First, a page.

Aluminium caps

. maandag 30 mei 2011
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Aluminium disks for closing the upper and lower hole.
These are 300mm diameter, so I can use M20 holes to mount them.
I have to wait between every M20 hole because the pillar drill is getting too hot :(

Water pump

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A second hand unused water pump (normally used for heating), for only 20 euro's!
It will be used for circulating the cooling water for the turbo pump.

Connecting the hemispheres

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There isn't any room for normal M20 bolts to connect the hemispheres. To fix this I made 4 of these:

The lower side has M20 thread, the upper half is split in 4 and has M7 thread inside, the bolt has M7x1 at the tip but for the rest it's M8x1.
When the upper hemisphere is placed over them, fastening the M8 bolts will widen the 4 segments and position the upper hemisphere.

Artist wanted!

. dinsdag 24 mei 2011
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The reason for making this fusor is that I would like to try a new idea, something like the polywell, but different, something which just might be better than the polywell.
There is also a big chance that it doesn't work at all, but that's why I'm building the fusor, to test the new idea called "the Octavio".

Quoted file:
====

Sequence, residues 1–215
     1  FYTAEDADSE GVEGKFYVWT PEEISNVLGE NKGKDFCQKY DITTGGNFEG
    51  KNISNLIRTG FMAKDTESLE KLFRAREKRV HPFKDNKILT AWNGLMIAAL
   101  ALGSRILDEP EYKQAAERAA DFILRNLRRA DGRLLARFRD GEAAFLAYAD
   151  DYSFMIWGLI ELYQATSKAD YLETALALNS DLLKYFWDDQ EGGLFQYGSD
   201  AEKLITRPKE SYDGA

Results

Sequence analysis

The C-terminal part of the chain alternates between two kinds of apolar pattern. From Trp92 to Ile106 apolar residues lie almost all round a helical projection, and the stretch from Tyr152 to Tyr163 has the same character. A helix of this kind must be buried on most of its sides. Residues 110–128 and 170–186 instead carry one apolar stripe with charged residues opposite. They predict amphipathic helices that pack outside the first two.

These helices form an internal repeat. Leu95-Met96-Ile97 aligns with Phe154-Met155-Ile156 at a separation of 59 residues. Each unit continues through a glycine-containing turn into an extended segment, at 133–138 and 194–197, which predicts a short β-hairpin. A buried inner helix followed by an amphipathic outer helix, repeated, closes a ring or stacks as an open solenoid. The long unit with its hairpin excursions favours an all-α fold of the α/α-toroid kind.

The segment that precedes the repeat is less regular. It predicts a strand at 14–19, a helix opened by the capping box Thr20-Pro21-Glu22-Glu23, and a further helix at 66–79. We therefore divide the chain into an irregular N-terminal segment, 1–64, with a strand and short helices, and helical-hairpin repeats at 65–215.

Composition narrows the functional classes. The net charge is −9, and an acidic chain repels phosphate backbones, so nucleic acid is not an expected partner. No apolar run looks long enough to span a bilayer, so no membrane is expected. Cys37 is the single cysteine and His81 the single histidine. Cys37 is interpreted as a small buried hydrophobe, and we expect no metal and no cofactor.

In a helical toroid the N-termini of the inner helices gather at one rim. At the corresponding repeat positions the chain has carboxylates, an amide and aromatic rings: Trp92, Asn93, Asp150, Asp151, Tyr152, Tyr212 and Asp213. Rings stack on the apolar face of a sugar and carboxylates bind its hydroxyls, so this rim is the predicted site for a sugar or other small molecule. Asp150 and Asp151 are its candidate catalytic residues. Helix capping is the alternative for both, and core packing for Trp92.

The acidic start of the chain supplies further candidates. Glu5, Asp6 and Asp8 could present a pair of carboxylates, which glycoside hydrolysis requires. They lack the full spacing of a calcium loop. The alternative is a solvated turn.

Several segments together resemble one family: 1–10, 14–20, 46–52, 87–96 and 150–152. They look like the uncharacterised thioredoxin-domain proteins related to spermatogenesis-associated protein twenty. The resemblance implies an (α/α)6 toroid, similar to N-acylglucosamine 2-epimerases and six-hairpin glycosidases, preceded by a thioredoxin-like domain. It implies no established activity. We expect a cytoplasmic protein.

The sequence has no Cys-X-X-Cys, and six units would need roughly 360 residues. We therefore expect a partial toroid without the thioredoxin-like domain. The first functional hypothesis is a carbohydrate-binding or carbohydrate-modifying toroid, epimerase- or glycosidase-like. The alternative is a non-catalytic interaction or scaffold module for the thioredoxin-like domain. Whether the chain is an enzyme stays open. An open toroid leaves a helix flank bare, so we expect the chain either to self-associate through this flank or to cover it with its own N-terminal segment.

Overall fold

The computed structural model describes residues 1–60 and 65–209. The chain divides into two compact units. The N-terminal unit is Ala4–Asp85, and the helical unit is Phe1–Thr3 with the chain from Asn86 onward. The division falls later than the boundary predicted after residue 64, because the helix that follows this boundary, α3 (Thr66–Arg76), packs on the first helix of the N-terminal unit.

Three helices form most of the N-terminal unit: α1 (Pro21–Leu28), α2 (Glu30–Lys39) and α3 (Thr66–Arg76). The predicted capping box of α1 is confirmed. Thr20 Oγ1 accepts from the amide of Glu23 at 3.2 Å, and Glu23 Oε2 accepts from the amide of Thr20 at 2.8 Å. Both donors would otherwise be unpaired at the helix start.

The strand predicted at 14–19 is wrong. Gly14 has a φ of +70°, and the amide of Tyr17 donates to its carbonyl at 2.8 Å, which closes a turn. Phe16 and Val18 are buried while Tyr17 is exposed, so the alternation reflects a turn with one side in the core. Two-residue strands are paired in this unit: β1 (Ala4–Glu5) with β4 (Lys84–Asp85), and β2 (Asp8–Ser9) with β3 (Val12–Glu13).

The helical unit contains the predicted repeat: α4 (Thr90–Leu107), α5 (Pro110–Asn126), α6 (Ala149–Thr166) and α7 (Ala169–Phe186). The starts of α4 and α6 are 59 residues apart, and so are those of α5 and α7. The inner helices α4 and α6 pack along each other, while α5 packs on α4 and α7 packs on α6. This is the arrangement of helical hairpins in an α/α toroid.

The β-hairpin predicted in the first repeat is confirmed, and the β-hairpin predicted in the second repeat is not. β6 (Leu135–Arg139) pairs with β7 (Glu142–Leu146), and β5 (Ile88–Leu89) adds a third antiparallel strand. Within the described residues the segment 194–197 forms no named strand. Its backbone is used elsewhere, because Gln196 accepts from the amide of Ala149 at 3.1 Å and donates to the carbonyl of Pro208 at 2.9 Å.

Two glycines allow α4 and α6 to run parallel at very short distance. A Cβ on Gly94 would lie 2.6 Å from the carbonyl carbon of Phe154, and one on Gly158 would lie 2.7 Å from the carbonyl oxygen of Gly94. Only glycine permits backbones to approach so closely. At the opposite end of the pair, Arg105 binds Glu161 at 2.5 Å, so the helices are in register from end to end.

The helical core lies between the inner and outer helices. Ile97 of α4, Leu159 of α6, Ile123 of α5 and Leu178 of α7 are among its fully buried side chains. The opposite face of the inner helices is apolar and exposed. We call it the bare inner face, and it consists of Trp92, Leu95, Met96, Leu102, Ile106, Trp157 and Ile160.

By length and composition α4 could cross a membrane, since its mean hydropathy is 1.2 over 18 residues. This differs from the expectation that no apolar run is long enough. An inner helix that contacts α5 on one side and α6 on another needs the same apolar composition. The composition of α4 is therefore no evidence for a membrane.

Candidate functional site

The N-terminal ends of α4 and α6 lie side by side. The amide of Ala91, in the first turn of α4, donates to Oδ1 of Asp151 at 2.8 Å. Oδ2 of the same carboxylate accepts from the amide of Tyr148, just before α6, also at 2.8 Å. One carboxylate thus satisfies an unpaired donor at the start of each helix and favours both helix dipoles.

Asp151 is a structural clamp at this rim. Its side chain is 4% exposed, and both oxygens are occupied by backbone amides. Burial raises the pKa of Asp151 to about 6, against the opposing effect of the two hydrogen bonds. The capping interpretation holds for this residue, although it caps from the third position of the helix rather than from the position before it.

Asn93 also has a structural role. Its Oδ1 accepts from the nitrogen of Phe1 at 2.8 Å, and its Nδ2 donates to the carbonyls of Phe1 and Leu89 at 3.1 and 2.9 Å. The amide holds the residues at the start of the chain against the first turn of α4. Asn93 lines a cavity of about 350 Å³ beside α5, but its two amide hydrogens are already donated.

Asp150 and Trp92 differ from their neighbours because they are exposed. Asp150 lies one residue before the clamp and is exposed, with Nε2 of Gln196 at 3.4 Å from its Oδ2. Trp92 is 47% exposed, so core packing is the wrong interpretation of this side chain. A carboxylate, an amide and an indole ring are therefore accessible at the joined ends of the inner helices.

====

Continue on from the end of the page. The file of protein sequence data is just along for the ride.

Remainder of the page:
But I'm using all my spare time to build the thing, and I have the artistic qualities snale.
So I'm looking for someone who would like to volunteer to make computer drawings to present the idea on this blog.

Stabilizing the high voltage

. woensdag 18 mei 2011
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I planned to stabilize the HV output with a big capacitor, got 8x 4000Vdc, 8uF from surpluscenter.
They were quite big, one pin was connected to case (would become very dangerous to put them in series) and they looked rather damaged.
Surpluscenter didn't make any problem about giving the money back.
Looking at these very big capacitors it made me think of ways to stabilize my power with the 3nF/35kV capacitors.
I want to put all the high voltage stuff under the hemispheres, to make it as safe as possible.
I don't know the frequency, output impedance, induction, parasitic capacitance's etc. of my power supply, I will measure that when I have it.
For simulation I made some assumptions, two 10kHz out-of-phase sine waves of 12000V peak with both 5k impedance, two TVR30 diodes and 20pf capacitance to ground simulate the power supply. A 600k resistor simulates the load and 4x 3nF make the 12nF output capacitor.
This simple simulation gives a (completely unacceptable) ripple of 60V pp:

It should be possible to disconnect the ground of the secondary windings of the flyback transformer and make an active ripple rejection circuit:
The circuit on the left is a simple feedback circuit which amplifies the ripple, the emitter of Q1 is connected to the ground side (now disconnected from ground) of the secondary windings of the flyback transformer.
The signal on the Q1 emitter is the inverted amplified ripple signal.
Zooming in on the output shows that the ripple is now only 1.6V!